“Born to be Naughty” by Hina Nauman

Okay, this one’s different. A look at the Contents should tip you off. It starts with a Warning, requiring you to prove your eligibility to read the book by taking a “Love for Nature” test. It would be a spoiler, so I’m not going to tell you anything about the test except that this is an “Easy A” situation. She even gives you online addresses for several platforms where you can interact and tells you what to do if you don’t have internet access. This author thinks of everything.

Or maybe I should say, this character thinks of everything, because right from the start this is an in-your-face first-person story. Hanna, the main character, breaks the fourth wall constantly, commenting to the reader, laughing with and at the reader and even taunting the reader (She was born to be naughty, remember).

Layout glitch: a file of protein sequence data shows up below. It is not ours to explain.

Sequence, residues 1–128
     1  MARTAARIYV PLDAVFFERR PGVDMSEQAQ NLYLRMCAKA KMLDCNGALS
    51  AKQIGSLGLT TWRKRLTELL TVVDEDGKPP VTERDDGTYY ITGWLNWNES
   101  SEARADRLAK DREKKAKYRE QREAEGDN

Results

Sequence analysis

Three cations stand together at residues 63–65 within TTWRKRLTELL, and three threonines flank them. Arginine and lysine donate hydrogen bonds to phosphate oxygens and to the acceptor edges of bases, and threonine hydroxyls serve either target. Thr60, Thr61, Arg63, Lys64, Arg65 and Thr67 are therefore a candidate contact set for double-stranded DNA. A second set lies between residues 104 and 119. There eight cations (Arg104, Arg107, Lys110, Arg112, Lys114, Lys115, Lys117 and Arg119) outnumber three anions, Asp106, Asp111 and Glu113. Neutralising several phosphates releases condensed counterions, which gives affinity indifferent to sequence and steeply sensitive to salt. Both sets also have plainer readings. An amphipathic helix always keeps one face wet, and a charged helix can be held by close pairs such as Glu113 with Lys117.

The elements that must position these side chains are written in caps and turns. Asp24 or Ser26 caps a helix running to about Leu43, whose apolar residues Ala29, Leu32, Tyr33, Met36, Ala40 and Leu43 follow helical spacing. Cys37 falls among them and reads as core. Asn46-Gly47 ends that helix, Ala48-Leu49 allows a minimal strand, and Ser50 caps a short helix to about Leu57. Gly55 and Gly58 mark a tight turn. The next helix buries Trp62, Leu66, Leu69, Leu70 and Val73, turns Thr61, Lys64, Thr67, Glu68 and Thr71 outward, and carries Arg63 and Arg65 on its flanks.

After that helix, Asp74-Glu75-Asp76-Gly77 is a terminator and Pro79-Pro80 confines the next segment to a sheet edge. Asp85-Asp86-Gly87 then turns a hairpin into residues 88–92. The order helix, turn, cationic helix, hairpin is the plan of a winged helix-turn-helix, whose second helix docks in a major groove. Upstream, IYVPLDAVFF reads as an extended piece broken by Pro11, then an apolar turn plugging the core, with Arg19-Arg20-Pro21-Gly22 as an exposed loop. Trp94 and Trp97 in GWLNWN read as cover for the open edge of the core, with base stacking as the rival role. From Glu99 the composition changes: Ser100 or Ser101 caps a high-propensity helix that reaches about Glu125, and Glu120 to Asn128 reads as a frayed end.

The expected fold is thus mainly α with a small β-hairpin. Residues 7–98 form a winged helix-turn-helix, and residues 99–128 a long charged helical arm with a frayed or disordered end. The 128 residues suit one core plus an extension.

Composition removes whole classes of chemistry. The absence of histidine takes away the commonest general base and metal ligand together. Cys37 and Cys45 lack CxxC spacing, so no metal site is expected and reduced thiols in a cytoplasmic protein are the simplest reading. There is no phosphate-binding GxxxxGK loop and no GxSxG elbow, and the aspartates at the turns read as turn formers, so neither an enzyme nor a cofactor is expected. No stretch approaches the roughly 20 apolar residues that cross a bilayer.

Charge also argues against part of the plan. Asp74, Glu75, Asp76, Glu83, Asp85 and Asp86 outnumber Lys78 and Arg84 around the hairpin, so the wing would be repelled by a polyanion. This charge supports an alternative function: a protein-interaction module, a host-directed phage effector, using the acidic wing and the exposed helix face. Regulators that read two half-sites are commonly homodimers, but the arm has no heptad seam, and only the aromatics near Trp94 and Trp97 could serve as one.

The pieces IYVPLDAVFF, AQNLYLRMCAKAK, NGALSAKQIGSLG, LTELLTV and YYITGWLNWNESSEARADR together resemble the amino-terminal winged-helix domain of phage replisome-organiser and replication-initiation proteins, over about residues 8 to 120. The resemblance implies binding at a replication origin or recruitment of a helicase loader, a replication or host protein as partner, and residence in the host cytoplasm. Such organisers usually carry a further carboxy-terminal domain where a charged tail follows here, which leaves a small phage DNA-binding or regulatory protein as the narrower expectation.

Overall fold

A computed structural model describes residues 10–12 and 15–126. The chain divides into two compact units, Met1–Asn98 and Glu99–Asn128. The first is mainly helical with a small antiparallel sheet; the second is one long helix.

Hanna is a character of extremes. She laughs loudly, makes animal noises, and describes everything (especially herself) with strings of adjectives and more exclamation marks than any book I have ever seen.

Nevertheless, there is a serious side to her, which gives her empathy. The theme of the story is that humans are guardians of nature, and her life is an example.  The serious part of the book involves her taking care of a baby sparrow, which isn’t as easy as she wishes it to be. So even when she’s serious, she’s funny.

And the rest of the book is taken up by her most nefarious piece of naughtiness, a rather farfetched but creative prank involving some cartoonish members of her extended family. This is written in a less realistic style and may appeal to younger readers more than this adult reviewer.

I found Hanna to be an engaging character, and since the book is 100% about her, this is important. However, I found her a bit too full of her own importance, which may be realistic but does not endear her to me completely.

In general, this is an interesting experiment in what could be a new genre of children’s literature, a book/internet hybrid between a blog and a novel.

Recommended for tech-savvy children ages 7 to 12.

4 out of 5 stars (4 / 5)

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